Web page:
23 Aug 2014
70° Partly Cloudy

Richard Dawson, Wise-Cracking TV Host, Dies at 79

The actor died Saturday at Ronald Reagan Memorial Hospital at UCLA.

Richard Dawson, Wise-Cracking TV Host, Dies at 79

Richard Dawson, a veteran TV actor who parlayed his Cockney accent into roles on comedies like "Hogan's Heroes" and the smash game show "Family Feud," has died in a Westwood hospital, his family announced Sunday.

His son Gary Dawson said the actor died of complications related to esophageal cancer at the Ronald Reagan Memorial Hospital at UCLA Saturday night. He was 79.

On the hit game show "Family Feud," Dawson shined in his role as the double-entendre-instigating, woman kissing host. At the height of its popularity in the early 1980s, fresh episodes of the program aired 11 times a week on the ABC network and on local stations in syndication.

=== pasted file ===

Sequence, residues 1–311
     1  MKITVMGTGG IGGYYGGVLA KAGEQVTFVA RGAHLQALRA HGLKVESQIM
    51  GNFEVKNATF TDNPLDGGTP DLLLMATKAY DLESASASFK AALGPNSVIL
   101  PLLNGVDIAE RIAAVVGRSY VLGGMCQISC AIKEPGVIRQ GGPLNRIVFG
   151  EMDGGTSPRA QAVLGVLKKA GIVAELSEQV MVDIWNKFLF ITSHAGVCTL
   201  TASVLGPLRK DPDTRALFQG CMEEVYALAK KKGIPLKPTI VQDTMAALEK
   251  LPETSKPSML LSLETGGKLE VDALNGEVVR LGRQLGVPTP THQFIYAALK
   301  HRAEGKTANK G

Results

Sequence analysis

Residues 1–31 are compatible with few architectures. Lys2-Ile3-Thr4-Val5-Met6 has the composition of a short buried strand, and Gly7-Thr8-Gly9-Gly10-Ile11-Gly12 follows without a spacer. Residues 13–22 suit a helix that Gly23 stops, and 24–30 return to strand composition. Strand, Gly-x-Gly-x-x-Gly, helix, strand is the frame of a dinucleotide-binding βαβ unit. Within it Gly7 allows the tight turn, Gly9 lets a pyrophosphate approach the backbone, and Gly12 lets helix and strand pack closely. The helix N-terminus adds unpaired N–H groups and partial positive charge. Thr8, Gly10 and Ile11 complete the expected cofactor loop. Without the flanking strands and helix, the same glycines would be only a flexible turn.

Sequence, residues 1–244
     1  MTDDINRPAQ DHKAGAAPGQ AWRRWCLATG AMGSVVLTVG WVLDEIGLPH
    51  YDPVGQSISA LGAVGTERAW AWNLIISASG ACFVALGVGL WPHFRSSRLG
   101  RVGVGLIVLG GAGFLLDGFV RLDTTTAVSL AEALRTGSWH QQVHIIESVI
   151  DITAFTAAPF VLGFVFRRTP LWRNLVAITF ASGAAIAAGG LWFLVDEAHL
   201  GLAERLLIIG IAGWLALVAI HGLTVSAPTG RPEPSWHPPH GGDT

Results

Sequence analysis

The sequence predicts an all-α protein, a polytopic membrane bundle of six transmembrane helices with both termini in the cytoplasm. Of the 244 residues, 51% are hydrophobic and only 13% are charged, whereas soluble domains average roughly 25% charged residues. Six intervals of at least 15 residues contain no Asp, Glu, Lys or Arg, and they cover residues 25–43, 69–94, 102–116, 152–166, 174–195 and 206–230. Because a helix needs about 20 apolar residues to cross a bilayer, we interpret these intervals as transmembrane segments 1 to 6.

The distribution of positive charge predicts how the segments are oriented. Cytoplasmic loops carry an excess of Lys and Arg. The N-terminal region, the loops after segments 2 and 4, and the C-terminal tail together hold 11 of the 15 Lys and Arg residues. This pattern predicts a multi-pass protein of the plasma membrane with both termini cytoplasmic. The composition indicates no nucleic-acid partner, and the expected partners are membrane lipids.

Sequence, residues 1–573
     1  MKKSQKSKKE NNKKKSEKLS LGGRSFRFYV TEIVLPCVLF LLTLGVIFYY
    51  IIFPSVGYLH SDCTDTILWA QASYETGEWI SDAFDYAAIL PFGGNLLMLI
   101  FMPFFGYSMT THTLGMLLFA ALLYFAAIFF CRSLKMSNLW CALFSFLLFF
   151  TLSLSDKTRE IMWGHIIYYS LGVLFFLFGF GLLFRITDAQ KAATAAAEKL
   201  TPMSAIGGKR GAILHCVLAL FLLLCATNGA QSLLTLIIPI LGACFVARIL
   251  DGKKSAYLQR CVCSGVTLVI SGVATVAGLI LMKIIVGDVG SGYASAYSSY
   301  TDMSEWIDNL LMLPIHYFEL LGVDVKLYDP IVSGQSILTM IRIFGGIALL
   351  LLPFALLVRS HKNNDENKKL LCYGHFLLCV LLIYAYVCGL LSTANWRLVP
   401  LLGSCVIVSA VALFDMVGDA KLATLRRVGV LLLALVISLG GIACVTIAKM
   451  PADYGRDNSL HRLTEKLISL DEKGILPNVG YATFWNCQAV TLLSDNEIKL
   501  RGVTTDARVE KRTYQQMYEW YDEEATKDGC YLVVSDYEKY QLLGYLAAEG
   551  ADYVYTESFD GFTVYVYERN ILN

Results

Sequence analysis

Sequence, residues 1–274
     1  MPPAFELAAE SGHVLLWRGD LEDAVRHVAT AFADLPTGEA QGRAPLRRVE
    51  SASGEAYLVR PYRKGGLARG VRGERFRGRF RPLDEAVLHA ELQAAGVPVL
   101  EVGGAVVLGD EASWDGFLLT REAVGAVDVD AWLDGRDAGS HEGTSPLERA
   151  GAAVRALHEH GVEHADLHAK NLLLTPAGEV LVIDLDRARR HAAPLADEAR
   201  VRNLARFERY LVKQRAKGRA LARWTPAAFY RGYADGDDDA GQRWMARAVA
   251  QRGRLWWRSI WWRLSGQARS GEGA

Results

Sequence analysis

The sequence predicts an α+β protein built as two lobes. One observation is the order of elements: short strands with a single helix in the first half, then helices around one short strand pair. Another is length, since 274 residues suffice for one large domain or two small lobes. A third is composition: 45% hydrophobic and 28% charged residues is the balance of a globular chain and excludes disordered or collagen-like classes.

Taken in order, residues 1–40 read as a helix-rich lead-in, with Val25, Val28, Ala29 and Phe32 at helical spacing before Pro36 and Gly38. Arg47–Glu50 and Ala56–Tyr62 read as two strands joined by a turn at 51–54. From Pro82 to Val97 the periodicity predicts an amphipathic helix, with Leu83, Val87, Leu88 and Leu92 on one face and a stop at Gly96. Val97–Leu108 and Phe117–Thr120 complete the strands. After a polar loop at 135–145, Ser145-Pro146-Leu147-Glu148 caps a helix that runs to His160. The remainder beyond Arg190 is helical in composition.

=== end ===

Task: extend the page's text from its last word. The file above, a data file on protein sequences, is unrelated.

Dawson had been a merchant seaman for several years before he tried his hand in standup comedy in London in the late 1950s. He crossed the pond to appear on early '60s comedy shows like "The Dick Van Dyke Show" and "Laugh In" and regularly appear on the Steve Allen and Johnny Carson versions of the "Tonight Show."

"Hogan's Heroes," an improbable comedy set in a German P.O.W. camp during World War II, proved to be Dawson's breakaway introduction to the three- network American TV audience in 1966. Dawson played Peter Newkirk, a London grifter whose slight of hand and Cockney-accented point of view provided counterpoint to the ensemble cast. The show was a runaway hit for six years on CBS.

"We ran six years ... a year longer than Hitler," Dawson quipped.

Dawson then moved his career into daytime game shows, such as "Match Game" and "Masquerade Party." He starred with Arnold Schwarzenegger and portrayed an evil game show host in the 1987 sci-fi film ''The Running Man.''

His last regular starring role was hosting a revived "Family Feud" from 1994 to 2000. Dawson's family said he was survived by his wife, Gretchen, whom he met when she was a "Feud" contestant in the 1970s.

He is also survived by sons Gary and Mark, his daughter Shannon, and four grandchildren. No services have been announced.

Share This Article